At the same time a reader is attempting to overcome his or her aversions to either narrator, the print version of Extremely Loud & Incredibly Close contains pictures, drawings, and other images that are supposed to enhance a reader’s appreciation and understanding of the story. Instead, and perhaps this is the fault of the e-book rather than the print version, these images were more of a distraction, one that jolts a reader out of the story rather than augmenting it.
That being said, there is one scene near the end, complete with pictures, that negate everything previously stated about the novel. It is the one time in which Oskar loses his inadvertent condescension and is finally able to speak the painful truth. The images that follow are painful and palpably dredge up the terror and horror that everyone throughout the nation was feeling on September 11th, 2001. It is as unforgettable a scene that ever was written in a novel.
Unfortunately, one scene, no matter how powerful, cannot overcome an entire novel filled with idiosyncrasies and foibles. While it is a scene that will haunt a reader for a long time, if not forever, the rest of the novel is too convoluted and disjointed for meaningful enjoyment. The fault lies not with the stories themselves but rather with the narrators chosen to tell the stories and the lack of bridges between narrators. The narrator shifts are abrupt, unannounced and often without any indication of which narrator is now telling his or her story. It is up to a reader to not only keep track of each narrator but also to keep the individual threads of the story together until they finally combine. This places a lot of pressure and responsibility on the reader, especially for a novel about such an emotional topic.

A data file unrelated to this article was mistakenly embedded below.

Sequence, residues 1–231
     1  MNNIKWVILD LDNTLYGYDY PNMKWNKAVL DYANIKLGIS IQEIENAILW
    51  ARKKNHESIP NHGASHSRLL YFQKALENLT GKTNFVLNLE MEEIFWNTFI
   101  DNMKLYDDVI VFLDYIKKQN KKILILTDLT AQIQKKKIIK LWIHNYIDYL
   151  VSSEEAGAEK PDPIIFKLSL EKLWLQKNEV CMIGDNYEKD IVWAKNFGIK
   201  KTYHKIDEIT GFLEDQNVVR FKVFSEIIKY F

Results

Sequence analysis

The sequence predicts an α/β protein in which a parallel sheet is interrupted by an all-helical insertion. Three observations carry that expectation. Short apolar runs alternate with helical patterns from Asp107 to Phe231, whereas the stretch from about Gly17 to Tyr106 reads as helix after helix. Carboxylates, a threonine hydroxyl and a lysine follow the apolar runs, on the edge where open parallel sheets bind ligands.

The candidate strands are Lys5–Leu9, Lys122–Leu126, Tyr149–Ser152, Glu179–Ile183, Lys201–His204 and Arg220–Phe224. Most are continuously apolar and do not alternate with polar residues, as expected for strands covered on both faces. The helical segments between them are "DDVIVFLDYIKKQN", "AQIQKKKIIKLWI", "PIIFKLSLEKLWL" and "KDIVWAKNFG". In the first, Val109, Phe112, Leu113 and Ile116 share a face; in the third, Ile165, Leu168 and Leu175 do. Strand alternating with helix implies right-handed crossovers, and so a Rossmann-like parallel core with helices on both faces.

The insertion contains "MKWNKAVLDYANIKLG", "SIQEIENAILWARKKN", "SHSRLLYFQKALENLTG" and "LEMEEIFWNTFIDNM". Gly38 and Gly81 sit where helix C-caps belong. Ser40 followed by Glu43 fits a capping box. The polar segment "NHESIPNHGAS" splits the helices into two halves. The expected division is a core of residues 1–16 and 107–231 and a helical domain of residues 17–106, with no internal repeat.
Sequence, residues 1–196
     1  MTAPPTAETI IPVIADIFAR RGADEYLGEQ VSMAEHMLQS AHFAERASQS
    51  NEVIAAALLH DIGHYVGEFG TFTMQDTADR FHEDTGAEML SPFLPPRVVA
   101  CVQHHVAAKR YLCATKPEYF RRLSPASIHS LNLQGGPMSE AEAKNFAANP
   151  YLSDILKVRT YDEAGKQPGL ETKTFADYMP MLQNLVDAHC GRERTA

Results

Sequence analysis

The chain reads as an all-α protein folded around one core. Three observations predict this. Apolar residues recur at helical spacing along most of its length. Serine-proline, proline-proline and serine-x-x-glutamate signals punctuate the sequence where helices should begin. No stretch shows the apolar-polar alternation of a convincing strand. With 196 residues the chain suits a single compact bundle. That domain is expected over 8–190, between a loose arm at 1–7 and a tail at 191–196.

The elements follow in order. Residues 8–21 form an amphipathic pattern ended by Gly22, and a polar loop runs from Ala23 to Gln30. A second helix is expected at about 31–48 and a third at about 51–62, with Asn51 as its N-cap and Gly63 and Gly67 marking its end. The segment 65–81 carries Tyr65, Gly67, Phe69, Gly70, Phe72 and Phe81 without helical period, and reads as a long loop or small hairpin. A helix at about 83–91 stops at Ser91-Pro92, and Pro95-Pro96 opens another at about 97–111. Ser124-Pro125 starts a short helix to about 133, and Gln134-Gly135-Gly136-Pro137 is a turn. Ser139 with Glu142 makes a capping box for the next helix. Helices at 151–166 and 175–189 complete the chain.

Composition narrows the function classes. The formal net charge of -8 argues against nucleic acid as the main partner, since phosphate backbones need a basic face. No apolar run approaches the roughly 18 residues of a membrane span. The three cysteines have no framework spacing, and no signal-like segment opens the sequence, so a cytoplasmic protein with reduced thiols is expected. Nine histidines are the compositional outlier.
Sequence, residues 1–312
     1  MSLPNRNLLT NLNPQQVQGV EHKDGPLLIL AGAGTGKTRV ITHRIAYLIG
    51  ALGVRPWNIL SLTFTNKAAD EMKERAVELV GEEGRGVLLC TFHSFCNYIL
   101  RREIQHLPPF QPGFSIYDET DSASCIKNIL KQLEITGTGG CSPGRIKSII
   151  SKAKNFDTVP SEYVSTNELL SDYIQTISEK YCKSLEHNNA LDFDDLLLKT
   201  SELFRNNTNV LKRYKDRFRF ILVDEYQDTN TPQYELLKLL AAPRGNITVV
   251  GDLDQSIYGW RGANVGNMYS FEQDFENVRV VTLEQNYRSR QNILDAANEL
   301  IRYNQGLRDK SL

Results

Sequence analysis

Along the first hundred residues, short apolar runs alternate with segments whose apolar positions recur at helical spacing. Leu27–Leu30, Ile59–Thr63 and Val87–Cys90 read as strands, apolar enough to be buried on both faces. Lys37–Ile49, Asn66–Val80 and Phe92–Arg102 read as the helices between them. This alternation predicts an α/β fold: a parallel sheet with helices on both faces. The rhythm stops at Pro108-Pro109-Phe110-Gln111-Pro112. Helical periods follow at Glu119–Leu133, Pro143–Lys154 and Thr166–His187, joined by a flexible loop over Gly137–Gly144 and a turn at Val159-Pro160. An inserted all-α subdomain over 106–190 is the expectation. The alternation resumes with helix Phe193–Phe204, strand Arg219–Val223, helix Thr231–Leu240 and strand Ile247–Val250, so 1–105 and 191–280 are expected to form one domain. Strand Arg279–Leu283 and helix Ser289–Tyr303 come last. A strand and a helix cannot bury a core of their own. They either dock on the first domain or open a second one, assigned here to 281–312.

Extremely Loud & Incredibly Close is a novel that people either seem to love or feel ambivalent about it. I fall into the latter category. The entire story felt a bit too gimmicky to feel authentic. As the mother of an eight-year-old, I cannot overcome the idea of letting a child that age roam around a city, let alone New York City, by himself. While I recognize that Oskar is struggling with his grief and the sheer terror of what happened that day, his voice is not one I find appealing. As for his grandfather, he just left me feeling sick to my stomach. Again, I understand the trauma and horror of what he experienced, but his actions produce their own kind of revulsion. The penultimate scene, wherein Oskar finally reveals his father’s last message, is appropriately shocking and disturbing enough to trouble me for a long time to come, but that does not override my discomfort of the entire novel. That being said, Extremely Loud & Incredibly Close is a novel that will generate a myriad of reactions in readers, all of which will be as personal and unique as one’s individual experiences and reactions on September 11th.
Acknowledgments: Mine. All mine.